The answer is less people. In my opinion the world has FAR too many people. If the world population was reduced to say, 5 million, there would be plenty natural resources to go around, and huge areas could be returned to the use of wild animals.
     
    • Like Like x 1
    • Agree Agree x 1
    • Top Answer Top Answer x 1
  4. kaihoka

    kaihoka Guard Bee Donor 2016 Hobbyist

    Messages:
    1,704
    Location:
    whanganui inlet. South island
    Ratings:
    +1,294 / -3
    If you follow your logic we should ban insecticides cause there would be a mass cull of the population.
    I do agree that humans are so far down the path they have chosen to go to feed themselves that a uturn now would be catastrophic .
    But do you think this path is sustainable for the long term .
     
    • Agree Agree x 1
  5. Alastair

    Alastair Guard Bee Donor 2016 Semi Commercial Platinum Donor '17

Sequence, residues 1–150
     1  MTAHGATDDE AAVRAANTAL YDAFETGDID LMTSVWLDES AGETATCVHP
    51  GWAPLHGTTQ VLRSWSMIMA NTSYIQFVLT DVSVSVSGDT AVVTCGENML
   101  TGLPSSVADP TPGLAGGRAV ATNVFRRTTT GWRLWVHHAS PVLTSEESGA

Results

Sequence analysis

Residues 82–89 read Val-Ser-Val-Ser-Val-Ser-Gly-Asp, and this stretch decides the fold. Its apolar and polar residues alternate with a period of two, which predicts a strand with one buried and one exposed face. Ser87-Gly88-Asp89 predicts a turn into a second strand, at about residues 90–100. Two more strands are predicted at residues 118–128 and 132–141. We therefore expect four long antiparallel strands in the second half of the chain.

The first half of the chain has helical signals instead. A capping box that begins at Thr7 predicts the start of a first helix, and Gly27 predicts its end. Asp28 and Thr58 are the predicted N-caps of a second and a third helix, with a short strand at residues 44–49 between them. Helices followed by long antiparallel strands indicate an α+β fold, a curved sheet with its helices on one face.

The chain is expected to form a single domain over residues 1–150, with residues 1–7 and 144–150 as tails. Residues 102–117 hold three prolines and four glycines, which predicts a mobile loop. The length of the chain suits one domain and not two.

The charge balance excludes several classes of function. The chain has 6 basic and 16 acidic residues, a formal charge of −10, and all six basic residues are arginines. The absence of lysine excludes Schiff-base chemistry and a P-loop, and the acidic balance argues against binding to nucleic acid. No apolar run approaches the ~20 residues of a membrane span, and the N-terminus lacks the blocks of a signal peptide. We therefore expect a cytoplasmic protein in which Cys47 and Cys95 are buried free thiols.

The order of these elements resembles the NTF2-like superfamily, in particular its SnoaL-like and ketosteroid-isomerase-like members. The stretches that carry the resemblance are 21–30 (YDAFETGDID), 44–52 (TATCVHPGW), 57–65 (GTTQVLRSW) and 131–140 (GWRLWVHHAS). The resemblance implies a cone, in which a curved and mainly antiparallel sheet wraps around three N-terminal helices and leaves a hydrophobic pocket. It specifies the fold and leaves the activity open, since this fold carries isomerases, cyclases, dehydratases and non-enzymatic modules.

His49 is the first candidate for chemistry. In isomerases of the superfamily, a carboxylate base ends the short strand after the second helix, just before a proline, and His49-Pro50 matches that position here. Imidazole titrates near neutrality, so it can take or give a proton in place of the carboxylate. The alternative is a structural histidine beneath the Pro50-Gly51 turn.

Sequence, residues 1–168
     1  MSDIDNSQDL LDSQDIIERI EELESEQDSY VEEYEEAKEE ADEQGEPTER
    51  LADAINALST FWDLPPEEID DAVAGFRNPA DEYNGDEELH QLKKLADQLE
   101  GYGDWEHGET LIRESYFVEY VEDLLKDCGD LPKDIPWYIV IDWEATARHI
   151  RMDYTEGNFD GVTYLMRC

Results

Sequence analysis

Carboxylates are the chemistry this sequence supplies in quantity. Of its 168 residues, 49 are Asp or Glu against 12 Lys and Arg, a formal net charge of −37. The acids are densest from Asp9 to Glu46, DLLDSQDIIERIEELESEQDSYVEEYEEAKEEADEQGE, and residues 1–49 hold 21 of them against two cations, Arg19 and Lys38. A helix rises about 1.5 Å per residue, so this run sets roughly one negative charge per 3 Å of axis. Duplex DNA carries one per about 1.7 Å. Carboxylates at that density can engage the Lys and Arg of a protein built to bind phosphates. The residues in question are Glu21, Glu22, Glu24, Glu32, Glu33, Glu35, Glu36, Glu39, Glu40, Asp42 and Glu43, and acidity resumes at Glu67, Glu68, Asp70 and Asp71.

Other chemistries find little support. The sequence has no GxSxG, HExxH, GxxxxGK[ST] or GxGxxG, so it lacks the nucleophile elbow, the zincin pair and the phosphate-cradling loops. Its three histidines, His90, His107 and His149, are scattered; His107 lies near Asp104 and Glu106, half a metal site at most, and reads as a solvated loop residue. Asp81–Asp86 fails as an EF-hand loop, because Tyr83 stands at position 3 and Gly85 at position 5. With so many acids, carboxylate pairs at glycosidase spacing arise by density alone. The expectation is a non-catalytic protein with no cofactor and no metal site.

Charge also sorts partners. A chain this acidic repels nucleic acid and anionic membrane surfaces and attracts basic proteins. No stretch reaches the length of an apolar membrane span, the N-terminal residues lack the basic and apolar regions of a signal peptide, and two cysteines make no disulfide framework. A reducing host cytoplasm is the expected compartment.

Messages:
    3,759
    Location:
    Auckland North Shore
    Ratings:
    +5,563 / -1
    You have my logic correct. A smaller human population can, and has, existed without insecticides.

    Do I think our path is sustainable for the long term? No. How can anyone think it is sustainable long term? The planet we live on is so big. The human population just keeps on growing. There is only so much room, we cannot indefinately grow the population. If we do not reduce population voluntarily, catastrophies plagues starvation pollution and warfare over resources will do it for us like it or not.
     
    • Agree Agree x 2
    • Like Like x 1
  6. Bron

    Bron Guard Bee Commercial

    Messages:
    2,137
    Location:
    Gisborne
    Ratings:
    +2,844 / -0
    Along the same lines. Gizzy now has a problem with keeping bees thriving on the flats and it's been given its own name "Gisborne Flats Disease".